Black Poets are Writing the History of Now

By Sarah Anderson, Chief Academic Officer

Black poets are writing the history of now. Some, like Amanda Gorman, are making history themselves. Most of you have probably heard her poem from Inauguration Day “The Hill We Climb,” or watched her perform at the Super Bowl. Gorman’s poetry is in the tradition of spoken word. The power, joy and wit comes from the sounds and rhythms she juxtaposes. You can read it, but it is best to hear it.

Other poetry is best seen. Eve L. Ewing is a sociologist at the University of Chicago, a former teacher, a comic book writer, and artist. Her writing combines precise observations of the world as it is with imaginary visions of a more hopeful future.

four boys on Ellis text

As she switches from printed text to handwriting, Ewing moves from observing a situation (like a sociologist) to imagining (like a poet), from the political to the personal, from powerlessness to magical escape, from this world to a better one.

Reginald Dwayne Betts’ uses the way words look on the page completely differently, forcing the reader to stop comfortably pretending and see what is really there. Betts was incarcerated for 9 years and is now both a poet and lawyer. He writes redaction poetry, also called blackout poetry, which means he takes existing texts and blacks out words to show us something essential. In this one, he has selected a legal document about people being held in jail because they cannot afford to pay traffic tickets.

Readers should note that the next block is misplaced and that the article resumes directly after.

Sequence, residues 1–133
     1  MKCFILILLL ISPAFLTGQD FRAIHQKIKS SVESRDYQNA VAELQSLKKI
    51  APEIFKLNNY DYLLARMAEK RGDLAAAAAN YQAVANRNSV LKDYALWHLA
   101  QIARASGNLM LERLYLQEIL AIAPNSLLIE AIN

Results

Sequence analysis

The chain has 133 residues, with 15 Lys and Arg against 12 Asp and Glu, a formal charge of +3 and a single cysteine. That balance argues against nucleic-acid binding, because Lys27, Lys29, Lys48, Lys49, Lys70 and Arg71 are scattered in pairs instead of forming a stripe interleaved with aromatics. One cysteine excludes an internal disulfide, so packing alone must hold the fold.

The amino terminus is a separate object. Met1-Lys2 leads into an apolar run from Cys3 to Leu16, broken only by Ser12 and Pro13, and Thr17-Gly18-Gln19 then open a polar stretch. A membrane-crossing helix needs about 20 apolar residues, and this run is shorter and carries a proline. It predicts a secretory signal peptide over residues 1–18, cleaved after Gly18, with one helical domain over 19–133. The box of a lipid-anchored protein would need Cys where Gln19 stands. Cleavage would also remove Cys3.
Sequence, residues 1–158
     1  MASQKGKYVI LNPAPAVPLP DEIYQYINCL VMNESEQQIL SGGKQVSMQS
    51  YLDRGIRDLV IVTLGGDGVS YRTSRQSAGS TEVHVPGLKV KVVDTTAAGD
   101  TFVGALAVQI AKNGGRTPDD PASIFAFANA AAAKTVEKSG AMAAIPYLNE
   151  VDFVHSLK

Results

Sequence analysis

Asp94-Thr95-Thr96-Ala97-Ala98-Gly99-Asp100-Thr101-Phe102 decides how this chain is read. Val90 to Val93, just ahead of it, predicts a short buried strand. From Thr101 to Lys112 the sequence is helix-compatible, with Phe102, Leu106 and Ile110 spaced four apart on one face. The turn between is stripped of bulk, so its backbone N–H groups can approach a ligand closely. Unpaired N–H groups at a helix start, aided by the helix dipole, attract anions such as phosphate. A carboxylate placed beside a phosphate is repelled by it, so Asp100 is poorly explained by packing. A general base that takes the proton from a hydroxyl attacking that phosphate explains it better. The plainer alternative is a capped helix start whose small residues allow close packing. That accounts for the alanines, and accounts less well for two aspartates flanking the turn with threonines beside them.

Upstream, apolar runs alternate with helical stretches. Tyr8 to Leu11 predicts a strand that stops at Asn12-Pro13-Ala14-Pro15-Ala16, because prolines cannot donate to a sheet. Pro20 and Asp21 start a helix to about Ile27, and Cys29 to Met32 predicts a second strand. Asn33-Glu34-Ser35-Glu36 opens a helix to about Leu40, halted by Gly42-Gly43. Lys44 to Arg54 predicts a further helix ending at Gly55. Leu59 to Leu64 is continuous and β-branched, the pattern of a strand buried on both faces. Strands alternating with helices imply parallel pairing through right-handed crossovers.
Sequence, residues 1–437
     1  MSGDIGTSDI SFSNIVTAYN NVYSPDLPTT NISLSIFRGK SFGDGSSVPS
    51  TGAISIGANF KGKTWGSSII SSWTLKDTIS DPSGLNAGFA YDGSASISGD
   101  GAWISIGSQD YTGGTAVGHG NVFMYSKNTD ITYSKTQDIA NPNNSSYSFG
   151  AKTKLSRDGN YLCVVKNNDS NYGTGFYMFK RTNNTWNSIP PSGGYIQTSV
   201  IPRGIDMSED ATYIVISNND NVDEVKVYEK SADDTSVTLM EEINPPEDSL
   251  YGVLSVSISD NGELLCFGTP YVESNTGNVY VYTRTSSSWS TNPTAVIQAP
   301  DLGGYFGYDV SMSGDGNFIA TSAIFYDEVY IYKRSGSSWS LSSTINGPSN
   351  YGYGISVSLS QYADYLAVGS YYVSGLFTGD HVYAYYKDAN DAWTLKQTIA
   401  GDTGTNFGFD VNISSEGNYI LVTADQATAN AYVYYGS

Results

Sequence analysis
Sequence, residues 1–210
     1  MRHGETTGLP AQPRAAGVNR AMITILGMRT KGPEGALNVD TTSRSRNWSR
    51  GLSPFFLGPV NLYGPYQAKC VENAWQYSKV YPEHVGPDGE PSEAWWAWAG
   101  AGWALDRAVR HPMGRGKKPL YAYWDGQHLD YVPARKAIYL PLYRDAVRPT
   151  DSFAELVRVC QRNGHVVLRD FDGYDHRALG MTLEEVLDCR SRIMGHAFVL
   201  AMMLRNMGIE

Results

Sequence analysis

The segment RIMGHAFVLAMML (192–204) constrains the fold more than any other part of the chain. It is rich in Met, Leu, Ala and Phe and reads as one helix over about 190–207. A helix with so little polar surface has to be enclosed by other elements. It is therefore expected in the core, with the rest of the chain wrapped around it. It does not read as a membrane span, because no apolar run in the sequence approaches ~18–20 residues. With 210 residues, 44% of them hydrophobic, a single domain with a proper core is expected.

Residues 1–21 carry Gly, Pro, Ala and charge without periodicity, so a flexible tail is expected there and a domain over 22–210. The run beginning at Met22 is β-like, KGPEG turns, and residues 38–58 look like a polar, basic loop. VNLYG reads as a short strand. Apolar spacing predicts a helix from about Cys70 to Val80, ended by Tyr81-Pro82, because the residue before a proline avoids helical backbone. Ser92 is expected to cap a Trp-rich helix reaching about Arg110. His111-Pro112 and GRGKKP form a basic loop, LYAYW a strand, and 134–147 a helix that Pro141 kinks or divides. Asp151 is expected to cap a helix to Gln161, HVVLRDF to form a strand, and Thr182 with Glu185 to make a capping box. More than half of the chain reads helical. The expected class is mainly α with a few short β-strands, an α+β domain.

In Alabama text

With most of the courts’ words gone, the injustice is stark.

I’ll leave you with Douglas Kearney, whose poem Every Hard Rapper’s Father Ever: Father of the Year, spectacularly captures voices on the page. Or maybe it captures in voice what he has written down? Either way, you need to see and hear this one. Listen here.

Douglas Kearney poem

Want more redaction poetry and art? Check out these public works redacting and revising newspapers by Alexandra Bell.

Thrilled by the way words sound, and how poetry, rap, social commentary and ideas can mingle? Listen to Have you Heard George’s Podcast in which Ugandan-British George the Poet somehow manages to review music while also spitting his own rhymes and telling stories.

Got poet and artist recommendations for me? Send them my way by email or on Twitter @SHCAnderson

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